Sens. Bernie Sanders, I-Vt., Mark Begich, D-Alaska, and Barbara Boxer, D-Calif., have introduced legislation to prohibit banking industry executives from serving as directors of the 12 Federal Reserve regional banks. The new legislation follows the controversy surrounding the recent $2 billion trading loss at JPMorgan Chase, whose chief executive is a member of the board of directors of the Federal Reserve Bank of New York.
Under the legislation, no one who works for or invests in a firm eligible to receive direct financial assistance from the Federal Reserve would be allowed to sit on the Fed's board of directors or be employed by the Fed. The measure also would prohibit Federal Reserve employees or board members from owning stock or investing in companies that the Fed oversees, regulates and supervises without any exceptions or waivers.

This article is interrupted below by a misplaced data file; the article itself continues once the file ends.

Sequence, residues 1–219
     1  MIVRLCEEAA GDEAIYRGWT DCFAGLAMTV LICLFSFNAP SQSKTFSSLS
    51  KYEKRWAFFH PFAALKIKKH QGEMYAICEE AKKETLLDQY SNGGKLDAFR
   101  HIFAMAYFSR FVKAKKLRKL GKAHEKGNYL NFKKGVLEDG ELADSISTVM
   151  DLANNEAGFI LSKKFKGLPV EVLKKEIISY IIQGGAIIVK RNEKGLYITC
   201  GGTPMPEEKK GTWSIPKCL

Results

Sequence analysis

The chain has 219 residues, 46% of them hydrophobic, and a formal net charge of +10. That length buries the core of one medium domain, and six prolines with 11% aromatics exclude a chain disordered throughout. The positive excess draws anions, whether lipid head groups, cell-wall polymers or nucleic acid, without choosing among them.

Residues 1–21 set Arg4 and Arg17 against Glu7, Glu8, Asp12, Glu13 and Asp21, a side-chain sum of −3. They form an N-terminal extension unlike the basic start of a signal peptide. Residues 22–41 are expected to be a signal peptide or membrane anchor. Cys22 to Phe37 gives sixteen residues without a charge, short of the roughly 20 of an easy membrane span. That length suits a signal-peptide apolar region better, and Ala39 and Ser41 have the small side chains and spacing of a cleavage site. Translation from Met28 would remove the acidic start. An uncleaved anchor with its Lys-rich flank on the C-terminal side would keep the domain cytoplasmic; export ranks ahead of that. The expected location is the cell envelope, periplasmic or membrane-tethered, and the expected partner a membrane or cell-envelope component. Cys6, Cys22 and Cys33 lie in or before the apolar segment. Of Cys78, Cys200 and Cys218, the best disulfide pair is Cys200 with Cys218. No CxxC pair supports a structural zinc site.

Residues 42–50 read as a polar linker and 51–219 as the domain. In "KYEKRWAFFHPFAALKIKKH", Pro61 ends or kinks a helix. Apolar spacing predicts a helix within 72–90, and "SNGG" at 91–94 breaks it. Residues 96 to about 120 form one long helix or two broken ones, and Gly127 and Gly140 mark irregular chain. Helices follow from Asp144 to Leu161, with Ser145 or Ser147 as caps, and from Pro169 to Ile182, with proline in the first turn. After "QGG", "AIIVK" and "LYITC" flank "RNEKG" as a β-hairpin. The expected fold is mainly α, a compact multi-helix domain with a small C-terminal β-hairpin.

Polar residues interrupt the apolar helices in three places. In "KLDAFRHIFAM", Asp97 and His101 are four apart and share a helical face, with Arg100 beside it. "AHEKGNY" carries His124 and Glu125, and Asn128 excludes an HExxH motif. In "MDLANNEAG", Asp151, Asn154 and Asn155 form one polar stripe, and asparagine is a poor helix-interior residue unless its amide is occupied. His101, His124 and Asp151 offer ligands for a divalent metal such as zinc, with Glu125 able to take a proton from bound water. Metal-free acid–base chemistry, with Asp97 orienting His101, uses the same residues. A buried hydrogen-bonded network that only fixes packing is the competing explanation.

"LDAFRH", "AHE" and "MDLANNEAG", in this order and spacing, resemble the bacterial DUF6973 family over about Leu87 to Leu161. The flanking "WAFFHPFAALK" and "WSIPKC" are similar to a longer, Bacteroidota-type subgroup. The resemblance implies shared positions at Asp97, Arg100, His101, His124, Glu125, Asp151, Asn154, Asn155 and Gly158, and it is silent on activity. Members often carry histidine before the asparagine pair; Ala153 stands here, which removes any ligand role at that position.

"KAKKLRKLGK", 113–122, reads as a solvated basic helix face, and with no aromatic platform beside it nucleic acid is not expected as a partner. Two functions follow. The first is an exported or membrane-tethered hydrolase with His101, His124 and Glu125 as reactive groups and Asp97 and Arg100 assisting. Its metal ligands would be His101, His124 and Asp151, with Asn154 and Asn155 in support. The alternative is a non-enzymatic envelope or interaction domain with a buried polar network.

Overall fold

‘It is a blatant conflict of interest for Jamie Dimon, the CEO and chairman of JPMorgan Chase, to serve on the New York Fed's board of directors,’ Sanders says. ‘If this is not a clear example of the fox guarding the henhouse, I don't know what is.’
‘Allowing bank presidents to play such an important role at the Fed – the institution that regulates their industry – is a conflict of interest, plain and simple, and it must come to an end. This legislation will help restore the confidence of the American people that the Fed is a truly independent entity,’ Boxer adds.